Hollywood Cemetery was eligible for the National Register of Historic Places under Criterion C for its designed and landscaped grounds, and the artistic value of its grave markers and sepulchral sculpture. It was planned with landscaped grounds and ornamental plantings, a pastoral setting with benches for meditation, and streets and burial sections designed in aesthetically pleasing, curved patterns.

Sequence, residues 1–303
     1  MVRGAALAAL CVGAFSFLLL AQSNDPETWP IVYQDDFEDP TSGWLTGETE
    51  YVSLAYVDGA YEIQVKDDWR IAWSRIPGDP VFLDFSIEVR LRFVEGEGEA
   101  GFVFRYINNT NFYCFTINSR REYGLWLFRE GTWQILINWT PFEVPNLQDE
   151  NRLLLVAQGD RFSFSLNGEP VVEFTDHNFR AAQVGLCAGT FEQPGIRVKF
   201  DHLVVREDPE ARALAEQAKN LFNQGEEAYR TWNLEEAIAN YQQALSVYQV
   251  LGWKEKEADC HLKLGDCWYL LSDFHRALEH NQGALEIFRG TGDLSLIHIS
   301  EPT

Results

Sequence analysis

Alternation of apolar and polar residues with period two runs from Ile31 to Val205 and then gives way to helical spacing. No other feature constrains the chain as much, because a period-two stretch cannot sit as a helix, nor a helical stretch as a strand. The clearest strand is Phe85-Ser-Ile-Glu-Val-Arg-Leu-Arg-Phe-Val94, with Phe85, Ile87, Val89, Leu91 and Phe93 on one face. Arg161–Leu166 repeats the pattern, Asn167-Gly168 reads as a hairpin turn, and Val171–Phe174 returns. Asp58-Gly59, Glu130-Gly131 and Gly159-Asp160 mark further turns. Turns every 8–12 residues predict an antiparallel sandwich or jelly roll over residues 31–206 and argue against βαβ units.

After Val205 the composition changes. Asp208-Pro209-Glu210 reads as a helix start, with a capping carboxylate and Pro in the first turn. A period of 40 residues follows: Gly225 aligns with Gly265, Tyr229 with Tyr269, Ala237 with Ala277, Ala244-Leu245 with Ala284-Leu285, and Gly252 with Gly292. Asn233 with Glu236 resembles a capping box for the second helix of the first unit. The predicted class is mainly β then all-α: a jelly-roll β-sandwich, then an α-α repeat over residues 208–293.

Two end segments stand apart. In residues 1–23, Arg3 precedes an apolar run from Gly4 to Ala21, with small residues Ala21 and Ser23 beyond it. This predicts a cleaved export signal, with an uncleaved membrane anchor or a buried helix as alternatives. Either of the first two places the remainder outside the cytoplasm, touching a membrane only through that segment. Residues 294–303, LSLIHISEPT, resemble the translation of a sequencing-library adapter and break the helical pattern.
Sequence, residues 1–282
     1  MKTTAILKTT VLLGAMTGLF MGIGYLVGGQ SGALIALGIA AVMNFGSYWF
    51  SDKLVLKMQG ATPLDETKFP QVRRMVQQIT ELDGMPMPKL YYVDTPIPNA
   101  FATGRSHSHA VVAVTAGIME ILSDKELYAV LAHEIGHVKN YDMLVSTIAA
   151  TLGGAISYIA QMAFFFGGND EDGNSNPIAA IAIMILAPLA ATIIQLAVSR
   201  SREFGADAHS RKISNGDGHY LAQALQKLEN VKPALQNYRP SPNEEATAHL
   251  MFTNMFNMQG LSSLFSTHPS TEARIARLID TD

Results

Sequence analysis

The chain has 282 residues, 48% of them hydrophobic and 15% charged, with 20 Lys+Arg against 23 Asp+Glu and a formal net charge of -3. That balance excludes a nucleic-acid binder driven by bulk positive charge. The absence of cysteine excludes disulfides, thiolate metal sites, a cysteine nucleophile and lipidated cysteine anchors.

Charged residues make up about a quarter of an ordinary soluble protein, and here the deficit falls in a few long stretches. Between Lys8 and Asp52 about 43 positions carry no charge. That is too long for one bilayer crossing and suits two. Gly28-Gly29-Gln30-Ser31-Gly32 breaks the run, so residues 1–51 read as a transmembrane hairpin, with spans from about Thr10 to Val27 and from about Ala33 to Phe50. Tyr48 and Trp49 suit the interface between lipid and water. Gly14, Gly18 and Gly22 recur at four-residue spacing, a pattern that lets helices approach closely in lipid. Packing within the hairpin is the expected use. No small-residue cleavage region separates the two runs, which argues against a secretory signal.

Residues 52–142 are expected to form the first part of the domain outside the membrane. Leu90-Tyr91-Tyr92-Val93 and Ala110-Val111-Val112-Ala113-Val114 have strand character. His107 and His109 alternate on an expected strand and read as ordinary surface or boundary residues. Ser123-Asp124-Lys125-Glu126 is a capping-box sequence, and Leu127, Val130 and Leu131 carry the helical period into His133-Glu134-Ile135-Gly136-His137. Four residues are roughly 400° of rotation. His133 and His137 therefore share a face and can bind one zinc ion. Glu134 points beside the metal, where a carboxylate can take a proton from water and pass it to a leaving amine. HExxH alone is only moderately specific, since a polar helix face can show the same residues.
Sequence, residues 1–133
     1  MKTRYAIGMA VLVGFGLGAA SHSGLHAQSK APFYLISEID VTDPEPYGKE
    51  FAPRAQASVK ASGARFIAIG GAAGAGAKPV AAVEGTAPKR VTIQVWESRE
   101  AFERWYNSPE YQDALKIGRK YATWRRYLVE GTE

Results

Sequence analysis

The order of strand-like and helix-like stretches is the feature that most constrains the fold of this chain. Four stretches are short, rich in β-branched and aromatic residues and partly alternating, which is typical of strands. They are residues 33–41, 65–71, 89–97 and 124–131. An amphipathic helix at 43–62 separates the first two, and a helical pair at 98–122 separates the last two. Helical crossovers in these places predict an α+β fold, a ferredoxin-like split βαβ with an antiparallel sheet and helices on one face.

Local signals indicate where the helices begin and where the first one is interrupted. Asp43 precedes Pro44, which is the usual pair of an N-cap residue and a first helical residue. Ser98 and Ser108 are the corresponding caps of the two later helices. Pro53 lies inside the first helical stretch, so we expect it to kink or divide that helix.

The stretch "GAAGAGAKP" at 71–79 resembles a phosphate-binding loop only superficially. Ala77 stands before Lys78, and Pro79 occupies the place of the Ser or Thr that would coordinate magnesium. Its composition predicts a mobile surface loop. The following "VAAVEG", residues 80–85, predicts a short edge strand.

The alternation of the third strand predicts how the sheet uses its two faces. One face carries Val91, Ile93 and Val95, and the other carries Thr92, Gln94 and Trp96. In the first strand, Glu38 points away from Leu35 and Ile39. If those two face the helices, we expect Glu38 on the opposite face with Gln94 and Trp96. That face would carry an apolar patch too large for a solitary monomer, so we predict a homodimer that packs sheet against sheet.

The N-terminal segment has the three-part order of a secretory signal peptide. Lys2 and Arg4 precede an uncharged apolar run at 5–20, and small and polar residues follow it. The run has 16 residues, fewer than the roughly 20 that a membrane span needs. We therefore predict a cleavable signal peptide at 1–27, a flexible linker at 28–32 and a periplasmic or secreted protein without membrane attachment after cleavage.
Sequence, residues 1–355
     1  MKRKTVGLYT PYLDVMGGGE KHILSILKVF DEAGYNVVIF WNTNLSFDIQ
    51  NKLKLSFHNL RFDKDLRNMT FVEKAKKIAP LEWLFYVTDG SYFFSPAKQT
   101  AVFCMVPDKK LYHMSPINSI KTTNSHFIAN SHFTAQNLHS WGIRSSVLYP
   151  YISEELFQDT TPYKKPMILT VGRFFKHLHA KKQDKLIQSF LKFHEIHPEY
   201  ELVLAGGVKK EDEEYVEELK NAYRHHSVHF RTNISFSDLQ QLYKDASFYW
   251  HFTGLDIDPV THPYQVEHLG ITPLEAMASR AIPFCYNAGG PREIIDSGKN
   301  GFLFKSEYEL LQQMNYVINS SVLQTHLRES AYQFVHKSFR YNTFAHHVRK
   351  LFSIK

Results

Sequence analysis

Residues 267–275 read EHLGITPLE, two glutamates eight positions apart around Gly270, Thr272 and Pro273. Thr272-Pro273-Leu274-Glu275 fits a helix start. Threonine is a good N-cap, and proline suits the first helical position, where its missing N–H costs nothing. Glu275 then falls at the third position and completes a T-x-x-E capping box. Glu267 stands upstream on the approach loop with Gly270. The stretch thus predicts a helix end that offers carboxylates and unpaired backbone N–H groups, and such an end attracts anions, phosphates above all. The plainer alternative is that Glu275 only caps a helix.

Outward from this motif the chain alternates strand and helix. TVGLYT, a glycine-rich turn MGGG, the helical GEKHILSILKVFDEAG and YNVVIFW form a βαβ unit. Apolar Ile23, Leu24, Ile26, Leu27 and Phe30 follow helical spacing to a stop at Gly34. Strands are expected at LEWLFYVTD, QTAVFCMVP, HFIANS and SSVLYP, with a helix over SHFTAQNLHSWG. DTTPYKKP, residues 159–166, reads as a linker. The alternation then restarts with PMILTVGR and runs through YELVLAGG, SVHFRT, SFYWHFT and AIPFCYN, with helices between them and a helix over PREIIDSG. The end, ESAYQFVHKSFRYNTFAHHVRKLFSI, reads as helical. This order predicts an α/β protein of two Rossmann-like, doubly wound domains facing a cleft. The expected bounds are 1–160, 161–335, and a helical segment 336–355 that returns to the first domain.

An 1887 advertisement in the West Tennessee Whig predicted that Hollywood “will be one of the most beautiful cemeteries in the South when completed.” Hollywood Cemetery represents the late nineteenth century trend toward care of the deceased in a landscaped, designed setting that evolved from the earlier “rural” cemetery movement. Although it includes a naturalistic landscape, Hollywood Cemetery does not have formal gardens or non-burial space reserved only for landscaping as was typical of the subsequent early twentieth century “City Beautiful” movement that followed the 1893 Columbian Exposition. Instead, it provides a pastoral setting with trees integrated into family plots and occasional ornamental plantings such as redbud, dogwood, holly, magnolia, crepe myrtle, peony, and yucca.